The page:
A Randomised Controlled Comparison of Second-Level Treatment Approaches for Treatment-Resistant Adults with Bulimia Nervosa and Binge Eating Disorder: Assessing the Benefits of Virtual Reality Cue Exposure Therapy
- Ferrer Garcia, Marta - Gutierrez Maldonado, Jose - Pla Sanjuanelo, Joana - Vilalta Abella, Ferran - Riva, Giuseppe - Clerici, Massimo - Ribas Sabate, Joan - Andreu Gracia, Alexis - Fernandez Aranda, Fernando - Forcano, Laura - Riesco, Nadine - Sanchez, Isabel - Escandon Nagel, Neli - Gomez Tricio, Osane - Tena, Virginia - Dakanalis, Antonios
- Datos de publicación:
- EUROPEAN EATING DISORDERS REVIEW,Vol.25,479-490,2017
- cue exposure - virtual reality - bulimia nervosa - binge eating disorders - treatment
- Migración Web of Science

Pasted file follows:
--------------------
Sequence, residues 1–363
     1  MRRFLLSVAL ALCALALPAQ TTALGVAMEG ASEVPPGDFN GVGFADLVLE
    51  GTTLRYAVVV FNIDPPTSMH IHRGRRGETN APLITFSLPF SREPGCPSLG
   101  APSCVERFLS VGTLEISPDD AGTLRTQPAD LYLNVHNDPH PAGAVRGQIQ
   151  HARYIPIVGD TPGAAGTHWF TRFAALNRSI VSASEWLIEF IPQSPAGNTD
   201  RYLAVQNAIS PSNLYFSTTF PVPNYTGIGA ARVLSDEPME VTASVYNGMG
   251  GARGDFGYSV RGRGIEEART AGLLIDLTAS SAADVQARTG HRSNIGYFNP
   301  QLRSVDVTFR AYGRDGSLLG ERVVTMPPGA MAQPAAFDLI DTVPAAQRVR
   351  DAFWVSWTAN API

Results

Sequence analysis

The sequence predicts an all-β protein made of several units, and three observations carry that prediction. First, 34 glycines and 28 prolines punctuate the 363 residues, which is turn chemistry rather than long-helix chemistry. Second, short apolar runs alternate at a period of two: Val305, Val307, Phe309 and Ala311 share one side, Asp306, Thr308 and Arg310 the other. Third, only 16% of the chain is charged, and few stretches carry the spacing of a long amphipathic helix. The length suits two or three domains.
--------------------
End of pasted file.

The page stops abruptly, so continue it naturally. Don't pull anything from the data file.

- A question that arises from the literature on therapy is whether second-level treatment is effective for patients with recurrent binge eating who fail first-level treatment. It has been shown that subjects who do not stop binge eating after an initial structured cognitive-behavioural treatment (CBT) programme benefit from additional CBT (A-CBT) sessions; however, it has been suggested that these resistant patients would benefit even more from cue exposure therapy (CET) targeting features associated with poor response (e.g. urge to binge in response to a cue and anxiety experienced in the presence of binge-related cues). We assessed the effectiveness of virtual reality-CET as a second-level treatment strategy for 64 patients with bulimia nervosa and binge eating disorder who had been treated with limited results after using a structured CBT programme, in comparison with A-CBT. The significant differences observed between the two groups at post-treatment in dimensional (behavioural and attitudinal features, anxiety, food craving) and categorical (abstinence rates) outcomes highlighted the superiority of virtual reality-CET over A-CBT. Copyright (c) 2017 John Wiley & Sons, Ltd and Eating Disorders Association.